Ben Harper Strips His Music Way Down On The Warm Instrumental Solo Acoustic ‘Winter’

Ben Harper | Winter is for Lovers | (Anti-)
3 out of 5 stars

Videos by American Songwriter

It’s not clear if this solo guitar instrumental album was created during the pandemic, but it’s a logical result of it nonetheless. No studio needed, no band, producer, engineers, overdubs… not even a microphone for voice. Just Ben Harper, alone with his Monteleone lap steel.

The advance notes describe the sound as “meditative and affecting,” which pretty much nails it. Harper had been taught finger picking by Taj Mahal and then lap steel from Chris Darrow of the Nitty Gritty Dirt Band. Those lessons are put to use decades later on these 15 brief tracks that add up to just over a half hour of music.

Each is named for a city that inspired Harper, and in most cases, the piece corresponds somewhat to the music you might hear there. Hence titles such as “Istanbul,” “Lebanon,” “London,” “Islip,” “Paris” etc. Despite the album’s chilly seasonal name and black and white cover photo of Harper on a snowy street, the sound is as warm and inviting as a steamy cup of hot chocolate on a cold night. For better or worse, every track is smooth and inviting, which is fine for a disc that only runs a half hour but would get boring if extended any longer.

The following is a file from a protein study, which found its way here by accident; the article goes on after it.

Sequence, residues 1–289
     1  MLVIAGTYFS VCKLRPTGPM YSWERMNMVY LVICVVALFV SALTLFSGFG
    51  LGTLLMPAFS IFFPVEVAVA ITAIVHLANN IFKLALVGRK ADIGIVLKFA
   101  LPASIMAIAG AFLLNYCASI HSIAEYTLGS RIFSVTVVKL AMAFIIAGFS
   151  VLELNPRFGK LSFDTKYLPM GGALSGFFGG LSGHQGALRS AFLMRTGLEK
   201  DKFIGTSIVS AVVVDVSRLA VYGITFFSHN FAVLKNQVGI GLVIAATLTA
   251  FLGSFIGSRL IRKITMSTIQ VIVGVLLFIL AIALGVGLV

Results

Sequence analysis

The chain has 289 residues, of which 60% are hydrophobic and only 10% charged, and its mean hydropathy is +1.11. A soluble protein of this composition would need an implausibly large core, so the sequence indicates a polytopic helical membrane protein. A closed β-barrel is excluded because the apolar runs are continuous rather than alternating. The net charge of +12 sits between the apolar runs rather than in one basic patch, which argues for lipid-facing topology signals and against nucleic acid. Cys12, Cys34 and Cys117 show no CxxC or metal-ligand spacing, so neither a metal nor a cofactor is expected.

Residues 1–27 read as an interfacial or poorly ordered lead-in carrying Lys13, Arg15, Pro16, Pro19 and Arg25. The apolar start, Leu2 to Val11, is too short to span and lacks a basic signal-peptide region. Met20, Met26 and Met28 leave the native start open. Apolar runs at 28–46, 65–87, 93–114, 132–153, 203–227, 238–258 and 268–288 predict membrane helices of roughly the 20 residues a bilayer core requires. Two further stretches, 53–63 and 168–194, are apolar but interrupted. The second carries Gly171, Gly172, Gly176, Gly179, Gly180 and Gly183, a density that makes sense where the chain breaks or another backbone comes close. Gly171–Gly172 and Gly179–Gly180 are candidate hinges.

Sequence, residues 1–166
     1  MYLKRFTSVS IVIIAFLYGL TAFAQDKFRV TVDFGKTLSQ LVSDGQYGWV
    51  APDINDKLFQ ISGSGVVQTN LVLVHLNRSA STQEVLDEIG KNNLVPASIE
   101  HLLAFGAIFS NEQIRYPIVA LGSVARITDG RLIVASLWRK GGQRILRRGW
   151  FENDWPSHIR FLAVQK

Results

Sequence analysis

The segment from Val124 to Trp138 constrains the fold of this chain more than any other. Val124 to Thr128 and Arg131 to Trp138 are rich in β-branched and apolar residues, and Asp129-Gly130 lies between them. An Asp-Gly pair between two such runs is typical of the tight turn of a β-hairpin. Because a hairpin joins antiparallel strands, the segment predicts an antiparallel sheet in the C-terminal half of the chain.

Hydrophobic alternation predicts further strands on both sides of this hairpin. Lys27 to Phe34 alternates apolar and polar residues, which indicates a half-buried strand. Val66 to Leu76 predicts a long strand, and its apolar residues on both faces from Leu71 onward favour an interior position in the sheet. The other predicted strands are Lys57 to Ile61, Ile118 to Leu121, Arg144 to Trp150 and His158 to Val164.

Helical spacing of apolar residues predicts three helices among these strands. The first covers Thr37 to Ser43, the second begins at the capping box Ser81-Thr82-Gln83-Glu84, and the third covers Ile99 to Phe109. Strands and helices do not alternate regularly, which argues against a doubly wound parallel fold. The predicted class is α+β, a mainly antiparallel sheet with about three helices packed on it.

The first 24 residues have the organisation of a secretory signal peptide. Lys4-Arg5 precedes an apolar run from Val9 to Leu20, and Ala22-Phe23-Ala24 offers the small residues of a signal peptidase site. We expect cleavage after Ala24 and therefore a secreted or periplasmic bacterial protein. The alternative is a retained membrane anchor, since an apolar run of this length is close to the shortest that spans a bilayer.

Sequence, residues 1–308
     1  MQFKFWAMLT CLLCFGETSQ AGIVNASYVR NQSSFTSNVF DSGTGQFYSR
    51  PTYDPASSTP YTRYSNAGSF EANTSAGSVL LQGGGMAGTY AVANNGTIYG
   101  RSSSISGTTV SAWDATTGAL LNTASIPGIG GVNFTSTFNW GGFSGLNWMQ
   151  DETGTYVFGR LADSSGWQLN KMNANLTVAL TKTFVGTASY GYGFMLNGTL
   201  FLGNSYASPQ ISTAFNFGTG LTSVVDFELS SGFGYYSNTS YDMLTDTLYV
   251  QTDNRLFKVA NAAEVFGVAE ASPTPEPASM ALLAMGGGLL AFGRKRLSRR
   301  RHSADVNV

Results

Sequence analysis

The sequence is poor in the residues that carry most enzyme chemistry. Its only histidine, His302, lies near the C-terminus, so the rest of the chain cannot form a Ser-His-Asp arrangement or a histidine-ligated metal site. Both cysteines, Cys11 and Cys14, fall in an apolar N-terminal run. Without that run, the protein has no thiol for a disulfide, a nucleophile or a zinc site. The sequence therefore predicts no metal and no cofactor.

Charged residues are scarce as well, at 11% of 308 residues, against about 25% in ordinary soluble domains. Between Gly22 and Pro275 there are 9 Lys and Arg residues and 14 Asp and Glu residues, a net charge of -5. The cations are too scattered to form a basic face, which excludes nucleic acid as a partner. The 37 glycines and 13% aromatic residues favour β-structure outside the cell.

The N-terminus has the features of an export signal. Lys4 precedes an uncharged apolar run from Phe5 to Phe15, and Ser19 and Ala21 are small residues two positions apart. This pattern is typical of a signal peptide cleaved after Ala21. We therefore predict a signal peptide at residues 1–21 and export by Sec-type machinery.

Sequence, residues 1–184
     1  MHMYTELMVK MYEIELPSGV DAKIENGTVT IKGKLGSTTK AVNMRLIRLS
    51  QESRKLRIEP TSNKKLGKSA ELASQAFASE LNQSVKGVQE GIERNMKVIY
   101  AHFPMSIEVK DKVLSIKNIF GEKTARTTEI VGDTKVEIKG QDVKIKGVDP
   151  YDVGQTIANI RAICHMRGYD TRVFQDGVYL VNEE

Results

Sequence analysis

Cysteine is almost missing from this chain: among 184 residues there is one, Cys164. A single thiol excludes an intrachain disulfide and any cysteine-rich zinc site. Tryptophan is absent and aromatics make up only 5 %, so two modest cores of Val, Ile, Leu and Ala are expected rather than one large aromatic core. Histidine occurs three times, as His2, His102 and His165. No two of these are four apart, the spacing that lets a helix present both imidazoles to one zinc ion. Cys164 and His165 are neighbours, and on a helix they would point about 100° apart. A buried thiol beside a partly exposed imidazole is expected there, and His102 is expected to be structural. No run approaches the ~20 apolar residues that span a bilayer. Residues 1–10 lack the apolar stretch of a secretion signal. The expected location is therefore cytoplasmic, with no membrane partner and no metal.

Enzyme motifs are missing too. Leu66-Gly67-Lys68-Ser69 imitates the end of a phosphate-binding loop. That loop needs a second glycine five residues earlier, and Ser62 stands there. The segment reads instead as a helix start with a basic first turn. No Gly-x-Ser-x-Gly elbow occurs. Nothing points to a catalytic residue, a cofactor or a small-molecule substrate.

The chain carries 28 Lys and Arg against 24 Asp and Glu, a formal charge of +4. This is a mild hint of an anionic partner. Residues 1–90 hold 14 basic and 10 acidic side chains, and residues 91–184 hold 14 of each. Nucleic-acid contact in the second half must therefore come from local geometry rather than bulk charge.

There are clear connections to early Leo Kottke, John Fahey and Ry Cooder’s soundtrack work. The selections with recognizable melodies, such as all 47 seconds of “Brittany,” the waltz time “Inland Empire” and the Jorma Kaukonen-styled “Bizanet,” are the most memorable. Others where Harper seems to be improvising without much structure are less successful, though not alienating.

Apparently these tunes are somehow connected thematically to create a conceptual narrative over and above their city-centric titles, but that’s hard to grasp. Give Harper credit for creating something pretty far outside of the rocking/world music/soul he’s been playing since his 1994 debut.

Winter Is for Lovers is clearly a personal project he made for himself, not for his fan base or record sales. As such, it’s a lovely, sweet, immaculately recorded and performed set perfect for Sunday morning coffee, regardless of the season or city.   

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